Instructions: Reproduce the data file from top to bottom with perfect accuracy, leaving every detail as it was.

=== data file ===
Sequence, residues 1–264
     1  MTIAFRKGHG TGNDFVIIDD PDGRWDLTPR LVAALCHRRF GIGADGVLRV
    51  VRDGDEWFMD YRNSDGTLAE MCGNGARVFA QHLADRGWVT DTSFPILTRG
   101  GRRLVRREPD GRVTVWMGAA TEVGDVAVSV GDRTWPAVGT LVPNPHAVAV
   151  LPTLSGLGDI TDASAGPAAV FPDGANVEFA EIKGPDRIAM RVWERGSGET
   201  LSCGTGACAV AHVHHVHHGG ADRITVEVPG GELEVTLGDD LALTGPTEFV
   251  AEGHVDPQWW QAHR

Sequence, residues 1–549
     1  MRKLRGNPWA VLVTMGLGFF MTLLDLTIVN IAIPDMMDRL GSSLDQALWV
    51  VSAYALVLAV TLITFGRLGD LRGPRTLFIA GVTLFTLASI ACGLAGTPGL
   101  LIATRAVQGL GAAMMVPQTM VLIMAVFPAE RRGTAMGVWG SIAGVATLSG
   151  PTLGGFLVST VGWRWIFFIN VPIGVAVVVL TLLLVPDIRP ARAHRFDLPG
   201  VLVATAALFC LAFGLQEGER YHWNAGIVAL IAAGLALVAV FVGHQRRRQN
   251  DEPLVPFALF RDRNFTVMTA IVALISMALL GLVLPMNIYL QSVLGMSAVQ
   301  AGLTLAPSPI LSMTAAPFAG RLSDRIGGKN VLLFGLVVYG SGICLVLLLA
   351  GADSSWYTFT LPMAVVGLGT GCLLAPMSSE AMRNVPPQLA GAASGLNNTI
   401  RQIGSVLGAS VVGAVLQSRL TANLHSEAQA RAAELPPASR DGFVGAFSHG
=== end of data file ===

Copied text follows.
Sequence, residues 1–264
     1  MTIAFRKGHG TGNDFVIIDD PDGRWDLTPR LVAALCHRRF GIGADGVLRV
    51  VRDGDEWFMD YRNSDGTLAE MCGNGARVFA QHLADRGWVT DTSFPILTRG
   101  GRRLVRREPD GRVTVWMGAA TEVGDVAVSV GDRTWPAVGT LVPNPHAVAV
   151  LPTLSGLGDI TDASAGPAAV FPDGANVEFA EIKGPDRIAM RVWERGSGET
   201  LSCGTGACAV AHVHHVHHGG ADRITVEVPG GELEVTLGDD LALTGPTEFV
   251  AEGHVDPQWW QAHR

Sequence, residues 1–549
     1  MRKLRGNPWA VLVTMGLGFF MTLLDLTIVN IAIPDMMDRL GSSLDQALWV
    51  VSAYALVLAV TLITFGRLGD LRGPRTLFIA GVTLFTLASI ACGLAGTPGL
   101  LIATRAVQGL GAAMMVPQTM VLIMAVFPAE RRGTAMGVWG SIAGVATLSG
   151  PTLGGFLVST VGWRWIFFIN VPIGVAVVVL TLLLVPDIRP ARAHRFDLPG
   201  VLVATAALFC LAFGLQEGER YHWNAGIVAL IAAGLALVAV FVGHQRRRQN
   251  DEPLVPFALF RDRNFTVMTA IVALISMALL GLVLPMNIYL QSVLGMSAVQ
   301  AGLTLAPSPI LSMTAAPFAG RLSDRIGGKN VLLFGLVVYG SGICLVLLLA
   351  GADSSWYTFT LPMAVVGLGT GCLLAPMSSE AMRNVPPQLA GAASGLNNTI
   401  RQIGSVLGAS VVGAVLQSRL TANLHSEAQA RAAELPPASR DGFVGAFSHG